October 31, 2016
Sir, Jonathan Ford is on a very right track with his “How subsidy culture keeps Britain’s green industry in the black” October 31.
Of course we all want more jobs, a better and more sustainable environment, more equality in the world (at least most of us), and many other good things. But, in order to afford helping that to happen, we must learn how to keep the profiteers of those causes and fights at bay.
That, we do much better by providing the right economic signals, than by having some few deciding on how to allot among some other few, our contributions to the cause.
For instance, instead of capital requirements for banks based on perceived risks, credit ratings, and that only help to increase inequalities, we would all be better if regulators used some based on job creation and environmental sustainability ratings. Some lower capital requirements when financing those social goods would allow them to earn higher expected risk adjusted returns on equity.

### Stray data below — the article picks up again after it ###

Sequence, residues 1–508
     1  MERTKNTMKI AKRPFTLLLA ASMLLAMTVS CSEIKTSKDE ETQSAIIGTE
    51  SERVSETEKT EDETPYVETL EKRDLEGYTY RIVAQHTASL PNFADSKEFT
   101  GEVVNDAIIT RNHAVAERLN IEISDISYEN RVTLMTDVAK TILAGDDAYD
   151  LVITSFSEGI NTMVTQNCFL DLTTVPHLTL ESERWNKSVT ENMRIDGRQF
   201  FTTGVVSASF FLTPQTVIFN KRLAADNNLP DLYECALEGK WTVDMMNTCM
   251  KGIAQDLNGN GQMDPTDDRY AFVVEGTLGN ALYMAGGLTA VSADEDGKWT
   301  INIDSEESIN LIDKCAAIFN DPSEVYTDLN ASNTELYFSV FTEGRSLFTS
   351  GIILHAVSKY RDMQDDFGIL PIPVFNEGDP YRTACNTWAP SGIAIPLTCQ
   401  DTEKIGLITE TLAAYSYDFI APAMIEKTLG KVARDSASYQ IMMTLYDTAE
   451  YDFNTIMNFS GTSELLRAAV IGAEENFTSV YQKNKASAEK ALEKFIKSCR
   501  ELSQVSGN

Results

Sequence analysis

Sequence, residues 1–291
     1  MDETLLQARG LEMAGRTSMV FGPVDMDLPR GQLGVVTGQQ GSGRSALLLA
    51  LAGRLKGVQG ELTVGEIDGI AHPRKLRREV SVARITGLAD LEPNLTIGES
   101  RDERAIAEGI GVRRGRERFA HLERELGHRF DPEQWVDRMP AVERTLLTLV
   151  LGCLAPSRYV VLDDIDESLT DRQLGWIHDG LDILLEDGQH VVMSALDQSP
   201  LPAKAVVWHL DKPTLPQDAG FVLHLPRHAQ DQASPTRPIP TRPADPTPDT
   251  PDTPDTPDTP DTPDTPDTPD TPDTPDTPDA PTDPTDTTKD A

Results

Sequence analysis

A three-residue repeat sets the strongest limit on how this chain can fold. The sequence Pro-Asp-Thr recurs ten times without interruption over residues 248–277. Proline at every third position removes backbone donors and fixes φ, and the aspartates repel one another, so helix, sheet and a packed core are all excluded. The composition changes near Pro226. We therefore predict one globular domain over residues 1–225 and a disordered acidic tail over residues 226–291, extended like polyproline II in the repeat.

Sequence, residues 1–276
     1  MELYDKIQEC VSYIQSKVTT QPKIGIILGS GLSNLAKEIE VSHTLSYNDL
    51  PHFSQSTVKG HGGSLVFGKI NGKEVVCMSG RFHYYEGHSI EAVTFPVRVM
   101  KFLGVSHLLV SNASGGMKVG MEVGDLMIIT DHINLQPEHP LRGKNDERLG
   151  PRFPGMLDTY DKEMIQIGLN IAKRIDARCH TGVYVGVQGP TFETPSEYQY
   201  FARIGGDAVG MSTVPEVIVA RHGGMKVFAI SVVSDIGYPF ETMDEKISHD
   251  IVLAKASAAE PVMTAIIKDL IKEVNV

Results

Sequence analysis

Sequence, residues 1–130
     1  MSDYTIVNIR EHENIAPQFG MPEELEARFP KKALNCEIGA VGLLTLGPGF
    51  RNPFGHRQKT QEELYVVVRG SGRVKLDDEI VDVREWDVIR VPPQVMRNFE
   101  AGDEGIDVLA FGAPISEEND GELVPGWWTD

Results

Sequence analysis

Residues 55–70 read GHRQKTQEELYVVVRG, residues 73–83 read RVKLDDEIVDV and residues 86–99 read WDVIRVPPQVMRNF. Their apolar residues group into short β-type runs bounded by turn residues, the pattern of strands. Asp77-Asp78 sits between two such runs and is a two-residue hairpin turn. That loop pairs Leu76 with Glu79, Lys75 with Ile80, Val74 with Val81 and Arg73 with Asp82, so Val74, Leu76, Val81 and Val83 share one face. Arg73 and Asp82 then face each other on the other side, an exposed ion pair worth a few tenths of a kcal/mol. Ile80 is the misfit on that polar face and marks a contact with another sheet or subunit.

And we should also use specific taxes that send the right economic signals, without causing too much pain or generating direct distortions. For instance a huge carbon tax, which revenues are all poured back to the economy by means of a Universal Basic (variable) Income, would be a great help, for the environment, for the economy, and therefore for jobs.
Sir, the problem though is that there we have to go up against the re-distribution profiteers, and as you know they are very very strong, since most of them are so firmly entrenched as do-gooders’ in the public sector.